Saturday, March 17, 2007

Light Bulb

It's Saturday night, I know. But I'm working on the 25-page paper on Grokster (gotta present on it on Tuesday). Luckily I checked EFF's site (the Electronic Frontier Foundation) and felt relief that someone has completely solved the P2P file-sharing problem. Eventually I will recover from the marvelousness of it and try to pick out some flaws, but for now I'm blinded by the light:

Charge people $5 a month to download as much DRM-free music as they want, using any P2P apps or websites they want. EFF suggests that broadband providers could tack the $5 onto monthly payments. As long as the price is low, people will pay for the peace of mind and convenience. They note that the film industry first sold VHS movies for $90 until learning that a lower price cuts down on piracy. The juicy details: Voluntary Collective Licensing.

Five dollars looks right too, considering that Peter Jenner said $50 per year is "how much each music fan who buys music would have to pay in order for access to every song ever recorded while maintaining or increasing music sales." Full entry from Wired. I wonder how much I spend on iTunes a month...

Couldn't the film industry do the same thing? $10 a month... Software? $15 a month... Full text books online? $20 a month... A class-based online world, where only the wealthy can afford total information access? As long as you can pick-n-choose your services, or choose to pay for a single product, the price would remain reasonable. People could still burn CDs, but I think the convenience might outweigh it. Anything's better than what copyright holders are getting now, right?

Thoughts on this? What would the collective licensing future look like?

3 comments:

Lawyerlike said...

Almost all of the experts and industry execs we had visit in our Entertainment Law class agreed that this was the best method to secure monetization of music over the internet.

The problem, however, is that ISPs would be the ones best suited to collect this fee - which would be distributed to artists based on their downloads share - except that ISPs generally like to distance themselves from what goes on over their lines. They prefer to simply remain common carriers. Anything more might entail nasty legal issues for them.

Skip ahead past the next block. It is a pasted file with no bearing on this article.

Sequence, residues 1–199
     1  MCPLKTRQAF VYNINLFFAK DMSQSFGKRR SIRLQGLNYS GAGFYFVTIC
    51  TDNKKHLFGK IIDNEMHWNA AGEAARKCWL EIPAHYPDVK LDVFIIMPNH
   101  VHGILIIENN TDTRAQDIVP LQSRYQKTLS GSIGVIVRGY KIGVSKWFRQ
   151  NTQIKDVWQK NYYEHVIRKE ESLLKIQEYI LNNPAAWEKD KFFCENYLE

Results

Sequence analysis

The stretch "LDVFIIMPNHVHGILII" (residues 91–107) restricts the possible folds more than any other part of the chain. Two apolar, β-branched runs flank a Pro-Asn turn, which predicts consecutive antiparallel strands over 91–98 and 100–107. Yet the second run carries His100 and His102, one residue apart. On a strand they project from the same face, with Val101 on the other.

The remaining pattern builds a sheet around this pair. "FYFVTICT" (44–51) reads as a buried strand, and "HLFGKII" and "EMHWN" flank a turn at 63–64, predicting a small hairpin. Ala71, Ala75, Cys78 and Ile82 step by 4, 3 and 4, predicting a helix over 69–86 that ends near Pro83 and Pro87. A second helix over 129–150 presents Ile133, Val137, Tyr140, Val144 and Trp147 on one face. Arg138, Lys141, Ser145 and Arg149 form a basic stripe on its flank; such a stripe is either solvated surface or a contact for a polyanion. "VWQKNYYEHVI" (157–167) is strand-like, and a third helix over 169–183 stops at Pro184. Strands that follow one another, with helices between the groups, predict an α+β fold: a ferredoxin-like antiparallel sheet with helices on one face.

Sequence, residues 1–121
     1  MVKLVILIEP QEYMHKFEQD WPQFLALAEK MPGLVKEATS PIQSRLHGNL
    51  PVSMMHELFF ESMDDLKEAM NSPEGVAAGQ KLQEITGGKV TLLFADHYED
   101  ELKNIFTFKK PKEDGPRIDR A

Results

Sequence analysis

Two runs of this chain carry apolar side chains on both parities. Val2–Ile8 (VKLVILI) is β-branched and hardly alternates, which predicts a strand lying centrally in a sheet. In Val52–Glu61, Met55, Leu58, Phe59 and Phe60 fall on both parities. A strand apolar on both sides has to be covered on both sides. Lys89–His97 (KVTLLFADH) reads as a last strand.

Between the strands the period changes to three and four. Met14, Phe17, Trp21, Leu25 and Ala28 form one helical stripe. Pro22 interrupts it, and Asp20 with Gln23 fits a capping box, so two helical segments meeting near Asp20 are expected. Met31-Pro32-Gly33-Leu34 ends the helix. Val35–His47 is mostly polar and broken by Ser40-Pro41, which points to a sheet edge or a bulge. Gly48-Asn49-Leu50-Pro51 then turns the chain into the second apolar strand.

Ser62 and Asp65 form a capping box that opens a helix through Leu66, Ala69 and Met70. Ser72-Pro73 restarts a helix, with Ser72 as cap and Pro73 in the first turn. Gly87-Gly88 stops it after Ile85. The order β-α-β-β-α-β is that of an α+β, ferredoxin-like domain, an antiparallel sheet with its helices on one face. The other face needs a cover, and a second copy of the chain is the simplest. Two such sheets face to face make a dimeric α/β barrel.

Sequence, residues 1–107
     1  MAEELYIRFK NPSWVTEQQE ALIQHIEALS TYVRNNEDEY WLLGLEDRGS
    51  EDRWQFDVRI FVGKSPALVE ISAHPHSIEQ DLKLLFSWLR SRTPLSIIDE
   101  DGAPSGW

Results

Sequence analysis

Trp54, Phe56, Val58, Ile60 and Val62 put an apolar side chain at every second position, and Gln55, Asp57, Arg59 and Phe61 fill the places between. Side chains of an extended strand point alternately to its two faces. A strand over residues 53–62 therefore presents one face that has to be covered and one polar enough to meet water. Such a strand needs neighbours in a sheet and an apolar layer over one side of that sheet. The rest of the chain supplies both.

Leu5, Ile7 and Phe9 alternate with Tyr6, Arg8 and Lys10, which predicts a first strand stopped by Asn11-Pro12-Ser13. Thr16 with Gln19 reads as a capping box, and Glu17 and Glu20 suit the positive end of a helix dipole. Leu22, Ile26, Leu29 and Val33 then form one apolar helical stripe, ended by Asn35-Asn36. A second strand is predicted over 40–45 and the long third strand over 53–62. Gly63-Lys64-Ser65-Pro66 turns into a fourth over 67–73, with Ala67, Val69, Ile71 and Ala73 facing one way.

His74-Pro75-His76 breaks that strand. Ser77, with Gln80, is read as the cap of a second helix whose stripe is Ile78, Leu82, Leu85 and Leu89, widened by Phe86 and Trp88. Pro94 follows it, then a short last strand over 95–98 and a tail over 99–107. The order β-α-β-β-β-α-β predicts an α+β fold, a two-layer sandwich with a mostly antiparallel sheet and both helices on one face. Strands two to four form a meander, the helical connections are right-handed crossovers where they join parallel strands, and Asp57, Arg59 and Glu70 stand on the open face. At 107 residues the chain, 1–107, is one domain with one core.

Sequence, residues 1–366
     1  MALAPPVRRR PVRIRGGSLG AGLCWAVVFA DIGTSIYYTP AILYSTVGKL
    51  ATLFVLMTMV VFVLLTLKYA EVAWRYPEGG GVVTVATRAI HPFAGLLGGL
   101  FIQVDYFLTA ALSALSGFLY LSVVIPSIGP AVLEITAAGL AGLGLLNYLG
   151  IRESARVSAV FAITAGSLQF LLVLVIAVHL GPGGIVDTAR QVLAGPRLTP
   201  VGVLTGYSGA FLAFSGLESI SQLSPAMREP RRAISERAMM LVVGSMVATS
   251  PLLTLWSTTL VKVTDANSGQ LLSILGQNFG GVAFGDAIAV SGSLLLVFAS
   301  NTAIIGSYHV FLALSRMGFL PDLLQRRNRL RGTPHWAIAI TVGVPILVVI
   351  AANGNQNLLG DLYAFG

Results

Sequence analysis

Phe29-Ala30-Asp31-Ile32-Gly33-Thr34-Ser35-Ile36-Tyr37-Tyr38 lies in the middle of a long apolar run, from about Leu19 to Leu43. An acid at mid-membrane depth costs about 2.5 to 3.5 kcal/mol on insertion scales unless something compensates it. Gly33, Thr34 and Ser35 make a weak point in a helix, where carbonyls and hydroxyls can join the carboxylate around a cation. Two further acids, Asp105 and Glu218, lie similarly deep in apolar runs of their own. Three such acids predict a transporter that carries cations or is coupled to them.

But it makes most sense and is likely the least painful methods for consumers - just stick the small fee on their bill and no one is likely to raise a ruckus.

Bzzzz said...

I think another issue may be that eventually you are going to want to migrate your music or change services during your lifetime. Depending on how the content is tagged - and who collects the fee - you could stand to lose the music you are effectively renting when you change services, get married, etc. If you get to "keep" all your music what is to stop you from signing up for the service for a few months, downloading the hell out of the service, offloading the content to a portable hard drive and keeping it disconnected from the internet. So long as there isn't DRM attached the music is now yours.

Another issue - what happens if you have communal access to the internet? You'd need MAC address level tracking of downloads otherwise you just get one static IP address and your own DHCP server behind it and share the cost to the limit of the subnet your mask allows. On the flipside - are you going to charge on a per person basis? $5 on a $50 internet bill isn't bad - if you have a family of five? I don't know about paying $75 for the internet.

It seems like it could be a decent idea, it just needs to be fleshed out more.

Bzzzz said...

funny that in a way we are writing the same paper, just that mine is more focused on international copyright law/WIPO and antitrust.

forgot to mention before that Microsoft (and others writing about MSFT) has spilled a lot of ink and spent a lot of money on researching the subscription model for software over the years. Might be worth taking a gander at. According to a recent interview with Gates, Vista will be the last OS you can buy outright from MSFT.